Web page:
It’s Never Too Late To…Read To Your Children

The playful, interactive reading of books to a child is one of the most important things a parent can do to promote a child’s development.

It gives a child exposure to stories, concepts and experiences they may not otherwise encounter.

reaedingIt builds oral language skills by strengthening vocabulary and by providing exposure to the sound, structure and cadence of language.

More importantly, it strengthens the parent-child bond by allowing parents and children to spend time together face-to-face, uninterrupted by flashing screens and other distractions of modern life.

This time together can also help children build positive associations with books, making books friends (instead of enemies) when the time comes for a child to read on his own.

But what happens when a child starts to read on his own? Should parents abandon reading to him?

Absolutely not!

Children can certainly enjoy stories they are not yet ready to read, and most can easily listen to books written two to three grade levels higher than their current reading level.

Continued reading to elementary and even middle school children expands a child’s vocabulary and oral language skills.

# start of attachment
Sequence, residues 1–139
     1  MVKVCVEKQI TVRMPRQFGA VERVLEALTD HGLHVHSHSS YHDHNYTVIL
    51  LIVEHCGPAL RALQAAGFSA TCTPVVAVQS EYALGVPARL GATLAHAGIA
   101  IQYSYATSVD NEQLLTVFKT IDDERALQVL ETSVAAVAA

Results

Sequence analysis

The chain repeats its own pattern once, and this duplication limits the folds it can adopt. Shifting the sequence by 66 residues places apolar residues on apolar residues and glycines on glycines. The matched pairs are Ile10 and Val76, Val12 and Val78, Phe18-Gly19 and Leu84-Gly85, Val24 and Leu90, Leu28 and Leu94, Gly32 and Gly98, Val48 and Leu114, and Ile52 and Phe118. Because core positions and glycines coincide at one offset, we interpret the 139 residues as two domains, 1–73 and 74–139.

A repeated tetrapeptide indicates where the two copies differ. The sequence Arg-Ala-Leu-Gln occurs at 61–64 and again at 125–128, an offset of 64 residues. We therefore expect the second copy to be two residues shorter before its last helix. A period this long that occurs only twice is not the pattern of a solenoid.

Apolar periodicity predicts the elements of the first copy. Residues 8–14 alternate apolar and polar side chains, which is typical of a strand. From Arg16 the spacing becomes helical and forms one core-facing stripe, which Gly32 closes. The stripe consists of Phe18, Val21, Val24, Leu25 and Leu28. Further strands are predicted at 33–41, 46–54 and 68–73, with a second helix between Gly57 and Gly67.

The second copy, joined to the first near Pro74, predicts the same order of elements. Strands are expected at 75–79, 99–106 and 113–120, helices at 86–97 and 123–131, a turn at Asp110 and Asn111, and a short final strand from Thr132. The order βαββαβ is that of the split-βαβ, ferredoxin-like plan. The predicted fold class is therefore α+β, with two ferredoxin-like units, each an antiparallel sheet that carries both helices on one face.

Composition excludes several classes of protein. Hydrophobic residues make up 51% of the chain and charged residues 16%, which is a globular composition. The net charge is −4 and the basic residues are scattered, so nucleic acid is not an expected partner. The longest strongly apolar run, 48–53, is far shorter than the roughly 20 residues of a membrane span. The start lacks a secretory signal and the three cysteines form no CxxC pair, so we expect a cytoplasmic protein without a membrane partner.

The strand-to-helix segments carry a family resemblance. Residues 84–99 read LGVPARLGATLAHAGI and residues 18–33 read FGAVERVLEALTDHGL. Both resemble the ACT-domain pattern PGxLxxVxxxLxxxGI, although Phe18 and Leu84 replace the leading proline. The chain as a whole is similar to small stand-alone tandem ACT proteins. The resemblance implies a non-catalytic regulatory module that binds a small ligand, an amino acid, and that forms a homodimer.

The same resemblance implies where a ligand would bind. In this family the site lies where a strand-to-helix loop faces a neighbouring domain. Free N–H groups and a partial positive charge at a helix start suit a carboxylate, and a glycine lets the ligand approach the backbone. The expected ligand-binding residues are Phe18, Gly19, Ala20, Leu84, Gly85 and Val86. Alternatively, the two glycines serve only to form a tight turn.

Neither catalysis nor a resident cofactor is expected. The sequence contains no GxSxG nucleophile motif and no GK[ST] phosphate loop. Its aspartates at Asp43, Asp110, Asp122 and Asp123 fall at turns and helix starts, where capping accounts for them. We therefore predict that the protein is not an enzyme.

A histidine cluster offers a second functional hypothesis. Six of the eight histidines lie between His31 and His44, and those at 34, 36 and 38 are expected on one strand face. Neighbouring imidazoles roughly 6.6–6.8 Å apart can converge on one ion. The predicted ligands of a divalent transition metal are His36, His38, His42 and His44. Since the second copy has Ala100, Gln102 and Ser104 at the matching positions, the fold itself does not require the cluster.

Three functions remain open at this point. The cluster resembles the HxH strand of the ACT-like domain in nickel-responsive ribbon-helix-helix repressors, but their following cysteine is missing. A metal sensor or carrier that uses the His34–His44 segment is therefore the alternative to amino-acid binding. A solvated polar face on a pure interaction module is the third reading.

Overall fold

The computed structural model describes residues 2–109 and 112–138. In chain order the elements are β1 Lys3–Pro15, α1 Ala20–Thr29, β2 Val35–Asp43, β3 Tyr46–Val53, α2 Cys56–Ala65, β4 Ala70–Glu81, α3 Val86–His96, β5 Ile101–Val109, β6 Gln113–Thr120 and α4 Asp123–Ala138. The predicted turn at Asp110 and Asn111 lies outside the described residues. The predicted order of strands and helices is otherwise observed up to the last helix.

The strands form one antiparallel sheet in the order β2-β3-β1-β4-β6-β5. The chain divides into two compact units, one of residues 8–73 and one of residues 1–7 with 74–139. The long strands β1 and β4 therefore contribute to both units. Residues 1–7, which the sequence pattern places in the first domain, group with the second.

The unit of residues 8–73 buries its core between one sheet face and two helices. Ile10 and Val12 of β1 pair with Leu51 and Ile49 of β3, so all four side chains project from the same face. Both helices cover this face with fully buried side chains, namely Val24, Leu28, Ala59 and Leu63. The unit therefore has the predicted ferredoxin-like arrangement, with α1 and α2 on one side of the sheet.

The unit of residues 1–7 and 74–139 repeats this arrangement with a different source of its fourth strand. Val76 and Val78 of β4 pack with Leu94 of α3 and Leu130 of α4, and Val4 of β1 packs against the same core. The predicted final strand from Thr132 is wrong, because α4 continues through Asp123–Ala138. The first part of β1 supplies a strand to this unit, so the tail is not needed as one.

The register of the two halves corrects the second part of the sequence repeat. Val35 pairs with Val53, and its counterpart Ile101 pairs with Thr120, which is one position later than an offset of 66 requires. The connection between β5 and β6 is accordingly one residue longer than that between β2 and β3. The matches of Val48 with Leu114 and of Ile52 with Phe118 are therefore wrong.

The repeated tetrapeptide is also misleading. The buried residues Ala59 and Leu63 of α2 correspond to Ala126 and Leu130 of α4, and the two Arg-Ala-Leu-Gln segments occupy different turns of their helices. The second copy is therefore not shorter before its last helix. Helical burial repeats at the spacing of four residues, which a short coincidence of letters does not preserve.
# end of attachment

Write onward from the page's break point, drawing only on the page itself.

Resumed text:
It also allows both parents and children to continue to enjoy the interpersonal closeness that books can bring.

Jim Beard, a pediatrician in Greenville, South Carolina, read to his daughters into middle school.

“I cherish the memories of cuddling and reading to them,” he said. “It allowed great conversations, not only about the book but anything they thought about.”

A 2010 New York Times article details how another father, Jim Brozina, challenged his fourth grade daughter Kristen to 100 straight nights of him reading to her at bedtime.

They celebrated meeting their 100-night goal with a pancake breakfast where Kristen proposed that they try to make it 1,000 straight nights.

“The Streak,” as it came to be known, ended at 3,128 nights when Jim dropped off Kristen at her college dorm.

In the N.Y. Times article, Kristen said, “In high school, I had friends who never talked to their parents. It never occurred to me not to.”

Reading aloud to children clearly brings many benefits. In the end, though, none is greater than strengthening the relationship between parents and their children.

The Read Aloud Handbook by Jim Trelease is a helpful resource for reading to children. The book provides guidance for getting started and includes a “Treasury of Read-Alouds,” a 100-page annotated list of excellent books for reading to children.

Dr. S. David Blake is board-certified in general pediatrics and developmental-behavioral pediatrics. He is one of six pediatricians at Commonwealth Pediatrics.